The year 2013 will be very difficult from a budgetary point of view. It will be necessary to cut billions of shekels, and sources in the Finance Ministry say there will be no choice but to raise taxes. But none of this is stopping the government from continuing to bribe the public even now.
During a festive cabinet meeting this week, on Jerusalem Day, the government decided to channel another NIS 350 million to the capital "for developing public and tourism spaces and enlarging the city's green lungs." These are clearly worthy aims, like many others, but where do they intend to take the money from when there is a threat of a deficit and everyone is talking about cuts?
One has to be totally cynical to do this. An allocation of NIS 350 million will not go into effect immediately and also not in 2013. According to the government's decision, it will take place only in 2014 - and by then, "everything will work out." That will be after the elections and who knows what kind of government will be set up and what its agenda will be? And it will always be possible to submit another plan for spending cuts.
But now it is possible to present the public with a festive decision in favor of the "reunited city" while the public applauds the good government that cares about the eternal capital.
This is precisely the system employed in the past three years by the duo Benjamin Netanyahu and Yuval Steinitz. They distributed checks most generously and conducted a policy of "I have plenty" which increased expenditures. However, the day has now come to pay up, but the coffers are empty.
Over the past two years, I have written here innumerable times that this is exactly what we could expect. But Netanyahu and Steinitz laughed, and continued to spend. Now they are no longer laughing.
Even Steinitz has begun to understand how bad a foul-up it is. At the Negev Conference this week he declared that "the upcoming budget will not be easy, it will be tough." But he immediately added: "We will try hard to make it easier for the citizens."
But it won't be possible to make it easier. The cuts will hurt the citizens. That is the price that all of us will have to pay for three "good" years. That is the price we will pay to prevent the economy from deteriorating like those of Greece and Spain.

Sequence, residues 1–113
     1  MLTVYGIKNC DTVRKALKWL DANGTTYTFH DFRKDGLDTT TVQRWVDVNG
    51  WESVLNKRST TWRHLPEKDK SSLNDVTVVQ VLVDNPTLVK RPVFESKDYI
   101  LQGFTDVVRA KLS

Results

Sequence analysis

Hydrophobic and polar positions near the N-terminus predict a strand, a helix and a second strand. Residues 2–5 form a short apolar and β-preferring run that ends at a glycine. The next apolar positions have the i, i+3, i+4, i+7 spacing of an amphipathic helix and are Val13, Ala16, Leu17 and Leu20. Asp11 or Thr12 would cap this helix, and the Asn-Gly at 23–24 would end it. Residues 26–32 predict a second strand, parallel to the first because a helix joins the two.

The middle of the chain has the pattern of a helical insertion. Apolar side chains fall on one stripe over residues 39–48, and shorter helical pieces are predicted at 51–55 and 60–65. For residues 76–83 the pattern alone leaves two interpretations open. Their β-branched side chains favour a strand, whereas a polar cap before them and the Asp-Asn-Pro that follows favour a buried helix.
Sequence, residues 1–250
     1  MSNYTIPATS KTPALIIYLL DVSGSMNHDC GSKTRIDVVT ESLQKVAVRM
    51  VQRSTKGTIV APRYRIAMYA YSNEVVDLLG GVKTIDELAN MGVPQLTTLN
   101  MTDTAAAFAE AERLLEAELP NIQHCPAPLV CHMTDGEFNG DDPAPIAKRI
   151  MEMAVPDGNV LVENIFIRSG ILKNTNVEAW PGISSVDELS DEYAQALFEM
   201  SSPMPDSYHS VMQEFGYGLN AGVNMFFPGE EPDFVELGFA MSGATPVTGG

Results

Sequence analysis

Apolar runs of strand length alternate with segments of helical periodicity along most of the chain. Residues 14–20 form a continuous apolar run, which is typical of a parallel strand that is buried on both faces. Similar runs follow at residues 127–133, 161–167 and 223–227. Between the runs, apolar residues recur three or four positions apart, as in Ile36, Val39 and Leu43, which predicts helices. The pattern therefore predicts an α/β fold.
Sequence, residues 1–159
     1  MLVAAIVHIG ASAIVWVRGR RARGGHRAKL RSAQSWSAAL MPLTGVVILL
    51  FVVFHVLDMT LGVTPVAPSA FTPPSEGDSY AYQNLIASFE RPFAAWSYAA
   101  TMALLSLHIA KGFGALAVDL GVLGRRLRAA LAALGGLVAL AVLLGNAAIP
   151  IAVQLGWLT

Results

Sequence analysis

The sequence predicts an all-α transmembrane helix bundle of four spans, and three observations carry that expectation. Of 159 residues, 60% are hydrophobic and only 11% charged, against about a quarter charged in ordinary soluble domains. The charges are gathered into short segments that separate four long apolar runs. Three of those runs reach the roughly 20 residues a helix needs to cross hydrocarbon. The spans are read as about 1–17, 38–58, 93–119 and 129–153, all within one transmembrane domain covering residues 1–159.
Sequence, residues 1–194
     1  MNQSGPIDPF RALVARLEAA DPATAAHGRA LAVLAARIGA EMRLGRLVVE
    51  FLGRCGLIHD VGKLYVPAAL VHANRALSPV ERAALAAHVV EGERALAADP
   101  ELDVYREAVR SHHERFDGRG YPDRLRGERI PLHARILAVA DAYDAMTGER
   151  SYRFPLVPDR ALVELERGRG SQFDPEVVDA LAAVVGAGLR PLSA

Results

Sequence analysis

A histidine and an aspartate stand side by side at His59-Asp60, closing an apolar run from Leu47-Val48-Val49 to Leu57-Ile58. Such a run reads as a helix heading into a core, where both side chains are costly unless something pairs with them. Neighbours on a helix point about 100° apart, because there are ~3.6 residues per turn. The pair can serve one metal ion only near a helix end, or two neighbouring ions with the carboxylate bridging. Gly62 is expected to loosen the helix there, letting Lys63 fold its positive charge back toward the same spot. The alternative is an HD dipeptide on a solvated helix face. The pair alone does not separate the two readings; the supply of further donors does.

Therefore we cannot allow ourselves to wait until 2013. We must not continue to live in 2012 with a deficit of 3.5 percent and do nothing. That is evading responsibility.
The government has committed itself to a deficit of 2 percent and it must stick to that. That is the ultimate test of credibility and it is important, too, from the point of view of the debt's size and the country's credit rating, interest rates, growth and unemployment.
Under present conditions one should not raise Value Added Tax or income tax. An act of that kind would deal a death blow to growth and employment. It is possible to make tax collection more effective, to fight against black capital, and to cancel tax exemptions such as those in the law encouraging capital investments and the VAT exemption for vegetables and fruit.
The correct solution is the introduction of cuts and efficiency measures in the government - cuts in defense and the enormous budgets for the ultra-Orthodox public, and efficiency measures in all other government offices.
If Steinitz says this is impossible, we will suggest he look at the Spanish government, which this week cut 21 percent (! ) of the education budget. It is better to take action now when the crisis is still manageable, rather than waiting for a big crisis before acting, which will be like open-heart surgery without an anesthetic. And if Netanyahu says it's impossible, we will remind him of the plan he carried out in 2003; a program of cuts, efficiency measures and reforms that saved the economy from rolling into an abyss and led it from deterioration to growth.
As soon as a program of this kind is put into effect, everyone will understand that we are dealing with serious leaders who will protect us from all the false prophets around. A move of this kind will tell the nation: We are not Greece or Spain; we will conduct ourselves with responsibility, we will reduce the deficit, we will reduce the debt and we will carry out reforms.
The result will be renewed trust in the government and the economy, and this will lead to a blossoming of investments, to greater private consumption and more activity. The economy will continue to grow at the desired pace of 5 percent a year, and all the problems forecasted for 2013 will suddenly be less threatening.
In order to prove it is serious, the government must make a preliminary decision now to cancel the NIS 350 million for Jerusalem. When you are a pauper and don't have a cent, you can't pretend to be a big shot and get away with it.
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